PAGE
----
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Wounded Times

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Tuesday, October 23, 2012

Saving a life turns into bad reflection of what is going on

I just posted the report of Suicides at Fort Carson appear to be rising and then saw this headline.

3rd Medical Depoyment Support Command prevents suicide through intervention


I read it thinking that this could be a really great story but soon after I began reading it, I was sad. This isn't a feel good story of a life saved but a reminder of how many have been lost because they didn't get what they needed to want to stay alive.

3rd Medical Depoyment Support Command prevents suicide through intervention
3rd Medical Deployment Support Command
Story by Master Sgt. Serbennia Davis and Sgt. Anthony Mitchell
Sgt. Anthony Mitchell
Spc. Ciera Burts shares her story about a time when she saved a classmate from attempting to commit suicide. She stayed with her all night until she could get professional help for her on the next day.

FORT GILLEM, Ga. – “When I got a call on the weekend, I knew something was wrong,” said Maj. Renata Hannah in a very serious tone.

Maj. Hannah recounted a time when she intervened with one of her soldiers who wanted to commit suicide.

“I was on my way out of town, but I immediately turned around and kept her on the telephone for 45 minutes until I reached her house,” continued Hannah.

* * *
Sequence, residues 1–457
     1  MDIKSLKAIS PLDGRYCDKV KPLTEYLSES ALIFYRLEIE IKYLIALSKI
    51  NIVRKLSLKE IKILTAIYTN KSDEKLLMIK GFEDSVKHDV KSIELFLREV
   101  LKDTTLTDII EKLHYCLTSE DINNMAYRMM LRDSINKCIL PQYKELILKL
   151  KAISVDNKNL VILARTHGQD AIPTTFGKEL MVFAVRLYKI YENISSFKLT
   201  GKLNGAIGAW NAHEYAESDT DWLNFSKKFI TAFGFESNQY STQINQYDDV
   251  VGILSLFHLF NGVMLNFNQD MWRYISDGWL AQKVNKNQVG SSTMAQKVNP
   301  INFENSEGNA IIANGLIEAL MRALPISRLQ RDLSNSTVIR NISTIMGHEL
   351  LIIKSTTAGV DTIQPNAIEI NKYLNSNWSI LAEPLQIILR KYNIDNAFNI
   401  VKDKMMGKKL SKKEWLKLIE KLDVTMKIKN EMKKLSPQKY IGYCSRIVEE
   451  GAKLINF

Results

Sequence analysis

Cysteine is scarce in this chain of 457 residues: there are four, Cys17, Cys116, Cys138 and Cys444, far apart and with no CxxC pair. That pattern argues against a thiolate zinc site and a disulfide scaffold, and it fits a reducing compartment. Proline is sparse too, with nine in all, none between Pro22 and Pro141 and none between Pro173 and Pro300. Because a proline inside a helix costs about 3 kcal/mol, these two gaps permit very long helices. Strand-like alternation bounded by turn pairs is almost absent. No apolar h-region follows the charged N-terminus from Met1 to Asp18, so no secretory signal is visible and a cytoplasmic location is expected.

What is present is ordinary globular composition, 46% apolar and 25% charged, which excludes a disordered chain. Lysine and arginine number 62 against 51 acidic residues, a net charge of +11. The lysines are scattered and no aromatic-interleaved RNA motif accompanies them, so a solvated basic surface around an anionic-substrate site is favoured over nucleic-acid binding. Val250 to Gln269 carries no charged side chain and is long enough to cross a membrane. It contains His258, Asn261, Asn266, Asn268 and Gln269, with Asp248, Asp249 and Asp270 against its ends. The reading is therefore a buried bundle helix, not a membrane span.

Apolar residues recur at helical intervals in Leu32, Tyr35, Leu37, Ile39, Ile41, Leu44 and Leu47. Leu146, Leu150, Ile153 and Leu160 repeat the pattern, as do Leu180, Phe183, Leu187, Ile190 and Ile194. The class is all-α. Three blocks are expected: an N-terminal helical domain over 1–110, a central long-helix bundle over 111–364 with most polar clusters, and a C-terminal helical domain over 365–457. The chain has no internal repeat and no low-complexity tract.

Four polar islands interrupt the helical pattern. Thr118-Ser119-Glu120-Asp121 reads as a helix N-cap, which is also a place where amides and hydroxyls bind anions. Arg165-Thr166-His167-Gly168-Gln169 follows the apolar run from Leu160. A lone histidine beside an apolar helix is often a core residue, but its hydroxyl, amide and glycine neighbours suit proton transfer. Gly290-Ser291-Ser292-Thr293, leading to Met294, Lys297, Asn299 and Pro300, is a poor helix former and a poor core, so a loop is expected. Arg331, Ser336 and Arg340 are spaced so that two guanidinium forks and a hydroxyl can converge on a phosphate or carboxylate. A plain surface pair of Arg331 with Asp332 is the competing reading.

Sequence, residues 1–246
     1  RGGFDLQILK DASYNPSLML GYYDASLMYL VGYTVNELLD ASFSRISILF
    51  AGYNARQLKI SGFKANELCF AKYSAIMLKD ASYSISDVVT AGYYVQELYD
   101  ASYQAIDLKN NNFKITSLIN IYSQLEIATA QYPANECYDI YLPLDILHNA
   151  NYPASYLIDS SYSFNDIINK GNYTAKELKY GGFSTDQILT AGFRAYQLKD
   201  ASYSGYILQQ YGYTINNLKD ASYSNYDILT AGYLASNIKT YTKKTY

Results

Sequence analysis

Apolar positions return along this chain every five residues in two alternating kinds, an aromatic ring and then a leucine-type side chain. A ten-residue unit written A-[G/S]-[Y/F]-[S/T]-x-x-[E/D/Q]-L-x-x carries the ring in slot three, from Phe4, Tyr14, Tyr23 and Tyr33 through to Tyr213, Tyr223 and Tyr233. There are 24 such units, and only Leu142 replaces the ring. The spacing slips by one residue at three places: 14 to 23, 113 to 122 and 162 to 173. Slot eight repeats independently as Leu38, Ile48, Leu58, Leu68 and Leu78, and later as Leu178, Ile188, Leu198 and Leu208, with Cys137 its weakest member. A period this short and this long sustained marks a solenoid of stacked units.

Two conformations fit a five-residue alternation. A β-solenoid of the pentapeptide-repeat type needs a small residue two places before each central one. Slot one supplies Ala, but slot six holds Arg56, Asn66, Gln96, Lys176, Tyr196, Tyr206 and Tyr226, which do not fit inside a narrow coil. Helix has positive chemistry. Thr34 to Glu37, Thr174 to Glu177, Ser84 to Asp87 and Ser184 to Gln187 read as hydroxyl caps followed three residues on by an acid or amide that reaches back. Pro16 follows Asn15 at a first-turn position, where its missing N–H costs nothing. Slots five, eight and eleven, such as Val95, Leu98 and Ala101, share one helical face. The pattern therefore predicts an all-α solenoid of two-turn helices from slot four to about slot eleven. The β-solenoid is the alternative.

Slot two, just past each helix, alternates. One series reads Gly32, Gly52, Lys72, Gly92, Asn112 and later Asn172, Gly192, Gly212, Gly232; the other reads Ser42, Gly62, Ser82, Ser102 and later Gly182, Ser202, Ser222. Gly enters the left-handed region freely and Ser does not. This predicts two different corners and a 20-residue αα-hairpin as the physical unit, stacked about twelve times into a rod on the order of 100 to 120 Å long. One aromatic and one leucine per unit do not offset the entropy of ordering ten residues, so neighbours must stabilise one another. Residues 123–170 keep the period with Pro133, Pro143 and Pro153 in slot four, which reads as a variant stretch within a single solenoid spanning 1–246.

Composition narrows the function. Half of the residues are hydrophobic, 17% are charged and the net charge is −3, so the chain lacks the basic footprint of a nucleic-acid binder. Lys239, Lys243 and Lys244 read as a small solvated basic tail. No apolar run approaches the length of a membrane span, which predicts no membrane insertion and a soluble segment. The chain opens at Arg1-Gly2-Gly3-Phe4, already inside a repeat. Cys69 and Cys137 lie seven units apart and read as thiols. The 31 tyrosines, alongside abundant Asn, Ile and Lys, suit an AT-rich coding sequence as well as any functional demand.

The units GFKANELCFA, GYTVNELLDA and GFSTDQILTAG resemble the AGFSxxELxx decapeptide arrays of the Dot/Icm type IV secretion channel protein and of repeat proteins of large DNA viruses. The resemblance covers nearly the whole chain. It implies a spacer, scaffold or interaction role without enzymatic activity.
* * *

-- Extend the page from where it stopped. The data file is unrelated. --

She had ministered to the soldier for six months prior to the phone call. She could tell that her soldier was in deep emotional distress. Maj. Hannah reminded the soldier of her children and family. She used her training in suicide prevention to avert a disaster. Her actions saved a life on that particular day.

Recently, 3rd Medical Deployment Support Command conducted an extensive suicide prevention stand down. The purpose was to educate every soldier in effective ways to help a struggling soldier who might contemplate or attempt suicide. Army-wide suicide is a very serious problem that 3rd MDSC leadership is fighting to eliminate. In the stand down meeting, 3rd MDSC soldiers were introduced to startling facts and statistics.

“There have been more suicides in the Army than combat deaths,” exclaimed 1sg Sgt. Danny Kelley when addressing troops.
read more here
There is no doubt Maj. Hannah saved a soldier's life that day. The soldier trusted her enough to make that call. That says a lot about the Major.

Now let's focus on the rest of the story.

Six months she ministered to the soldier. Yet she still wanted to commit suicide. That says despite all the Major's dedication, it was not enough to help enough to help the soldier heal enough.

Spc. Ciera Burts had to stay with the soldier all night until the next morning for professional help but we've been told there is someone available around the clock. Why wasn't there someone the Spec. could have taken the soldier to?

There is so much wrong with what is happening that someone needs to be held accountable. Why are there more suicides and more push to repeat the same mistakes?

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